New York Alison and Claire Egan gazed up at Barack Obama’s rugged, windswept image in Manhattan’s Times Square on Friday, snapping pictures of the giant billboard atop the Red Lobster restaurant.
The president looked pretty good in his casual cold-weather jacket, pronounced the tourists from Australia. But what, they wondered, was the leader of the free world doing modeling for an apparel ad?
“I don’t think it helps his credibility as a politician,” said Claire.
Of course, Obama wasn’t moonlighting as a model. The Weatherproof outerwear company had purchased an Associated Press photo of the president at the Great Wall of China, in which, to their great fortune, he was wearing their jacket. Without his permission, they built an ad campaign around it.
On Friday, after being contacted by the White House, the company pledged to take down the billboard — in about two weeks, plenty of time to squeeze more attention out of it.
“We need time to create a new ad campaign,” explained Freddie Stollmack, president of Weatherproof. “We can’t have an empty billboard.” In the meantime, he said, the ad campaign had been “absolutely” the right thing to do.
Legal experts say the incident shows that even though we all have the right to protect our image from unauthorized commercial use, for the president, it’s trickier than most to pursue that right. And probably counterproductive more often than not, given the attention it draws.
“The president probably has the narrowest ability of any of us to protect his image, because he’s the most public person,” says trademark lawyer and intellectual property expert Anthony Biller. “And even if legally he has a right to stop the purely commercial use of his image, does he create more harm by going after these people?”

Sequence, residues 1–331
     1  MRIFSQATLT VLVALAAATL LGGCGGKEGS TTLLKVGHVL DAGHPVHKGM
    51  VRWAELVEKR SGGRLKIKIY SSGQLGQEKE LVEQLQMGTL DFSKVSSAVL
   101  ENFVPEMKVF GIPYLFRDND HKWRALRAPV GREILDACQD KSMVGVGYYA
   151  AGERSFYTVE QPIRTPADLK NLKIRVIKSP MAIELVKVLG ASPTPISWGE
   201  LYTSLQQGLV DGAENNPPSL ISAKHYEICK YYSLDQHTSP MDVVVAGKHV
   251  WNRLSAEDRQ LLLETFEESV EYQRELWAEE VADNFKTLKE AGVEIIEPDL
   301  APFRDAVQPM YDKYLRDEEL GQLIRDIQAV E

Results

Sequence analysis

The Weatherproof incident came just as the animal-rights group People for the Ethical Treatment of Animals debuted a new anti-fur campaign featuring Michelle Obama and other celebrities, with ads in Washington’s Metro stations, magazines and on PETA’s Web site. PETA says it didn’t ask for Mrs. Obama’s consent because it knows she can’t give it.
The Weatherproof ad, with its “A Leader in Style” tag line, is particularly brazen — it does make the president look something like a jacket model. “I don’t think I’ve seen one that’s quite so bold,” said Biller, based in Cary, N.C.
But understandable, says advertising analyst Marian Salzman.
“Look, the Obamas are more fashionable than anyone who’s been in the White House in years,” says Salzman, president of Euro RSCG Worldwide public relations. “Right now they’re the style setters. Look what he’s done for the BlackBerry!”
Salzman says she can’t recall ads like this featuring previous presidents. “But I don’t recall another president that had sex appeal, either, so we’re comparing apples and oranges,” she said.
The Obama image has been used in countless ways since his inauguration: from ice cream flavors to bobble heads, from paper dolls to the Chia Obama. Technically, the president could sue based on laws in many states, including New York where Weatherproof is based, that protect individuals against the unauthorized commercial use of their image.
There’s also federal legislation protecting the public against being misled by implied endorsement. The White House said earlier this week it was asking Weatherproof to remove the billboard because it implied Obama’s endorsement of the product. Stollmack said Friday he’d heard from Kendall Burman, an Obama lawyer.
The photo was taken by Charles Dharapak of The Associated Press and Weatherproof purchased the right to use it from AP Images, the newsgathering organization’s commercial photo arm. The AP agreement with Weatherproof required the company to seek any necessary clearances, said Paul Colford, a spokesman for The AP.
Despite the attention it brings, the administration needs to stand firm in cases like these, says Biller, the trademark lawyer: “It would cheapen the office if companies all were to use the image of the president this way.”
Some noted that Obama’s sagging approval ratings might affect his impact as a pitchman, anyway.
“That company may want to reconsider its ad campaign, because according to his latest poll numbers, President Obama is anything but weatherproof,”’ conservative pundit Sean Hannity wrote.
Salzman, the advertising analyst, counters that the numbers have nothing to do with the president’s billboard appeal. “Sex appeal transcends ratings,” she noted.